New York, Oct 3 (IANS) Raising hope of preventing glaucoma, one of the most common causes of irreversible blindness, researchers have used the gene editing method CRISPR-Cas9 to disrupt a mutant gene that is responsible for some forms of the disease.
The study, published in the journal Proceedings of the National Academy of Sciences, involved the elimination of the mutated myocilin protein from a mouse model of human glaucoma and cultured human cells through the use of CRISPR-Cas9, which can alter DNA sequences and gene function.
Mutations in myocilin are implicated in juvenile- and adult-onset primary open-angle glaucoma.
In their experiments, researchers found that removing the mutated protein by disrupting the mutant myociln results in lowered intraocular pressure, which in turn prevents glaucomatous damage to the eye.
“As scientists we don’t want to just discover a diseased gene, we want to understand what the gene does and, in this case, have a better understanding of glaucoma so that it can be more effectively treated,” said senior author of the study Val Sheffield from University of Iowa in the US.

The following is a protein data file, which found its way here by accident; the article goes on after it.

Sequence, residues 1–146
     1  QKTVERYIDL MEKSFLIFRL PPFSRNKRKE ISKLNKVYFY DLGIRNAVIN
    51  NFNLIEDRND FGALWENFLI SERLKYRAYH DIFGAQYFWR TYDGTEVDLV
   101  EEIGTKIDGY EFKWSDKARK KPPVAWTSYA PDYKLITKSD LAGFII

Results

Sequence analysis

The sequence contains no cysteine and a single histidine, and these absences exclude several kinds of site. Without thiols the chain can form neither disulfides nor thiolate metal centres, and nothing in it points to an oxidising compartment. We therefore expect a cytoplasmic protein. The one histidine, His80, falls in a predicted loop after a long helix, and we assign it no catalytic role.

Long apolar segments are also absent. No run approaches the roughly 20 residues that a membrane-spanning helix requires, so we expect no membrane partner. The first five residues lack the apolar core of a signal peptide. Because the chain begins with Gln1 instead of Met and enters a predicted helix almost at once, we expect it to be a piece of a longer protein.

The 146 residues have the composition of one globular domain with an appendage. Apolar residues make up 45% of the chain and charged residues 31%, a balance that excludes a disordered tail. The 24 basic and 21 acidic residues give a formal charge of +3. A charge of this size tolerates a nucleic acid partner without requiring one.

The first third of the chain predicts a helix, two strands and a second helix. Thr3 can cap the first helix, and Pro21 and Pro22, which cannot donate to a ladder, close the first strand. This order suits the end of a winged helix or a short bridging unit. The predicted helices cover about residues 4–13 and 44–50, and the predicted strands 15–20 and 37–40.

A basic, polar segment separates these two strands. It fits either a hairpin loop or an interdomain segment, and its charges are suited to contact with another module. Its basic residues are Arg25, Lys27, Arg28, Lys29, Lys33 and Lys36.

“No one knows what this gene does, except that its mutant form causes glaucoma,” Sheffield said.
Glaucoma is a common vision and neurodegenerative disorder affecting three to five per cent of people over the age of 40.
An early precursor to the most common form of this disease known as primary open-angle glaucoma is high intraocular pressure – fluid pressure inside the eye – that damages retinal ganglion axons at the optic nerve and leads to death of retinal ganglion cells that carry the visual signals to the brain, which can cause blindness.
Myocilin is a protein found in the trabecular meshwork – a part of the eye that regulates intraocular pressure.
A mutation in the myocilin gene can cause high intraocular pressure.
Scientists found that genome editing using CRISPR-Cas9 to disrupt the mutant myocilin gene prevented production of the mutant protein, which prevented elevated intraocular pressure in mouse eyes, thus totally preventing this human form of glaucoma in mice.
In addition, this same genome editing technology eliminated myocilin expression in perfusion cultured human eyes, that could translate into a unique new therapy to treat myocilin glaucoma in humans.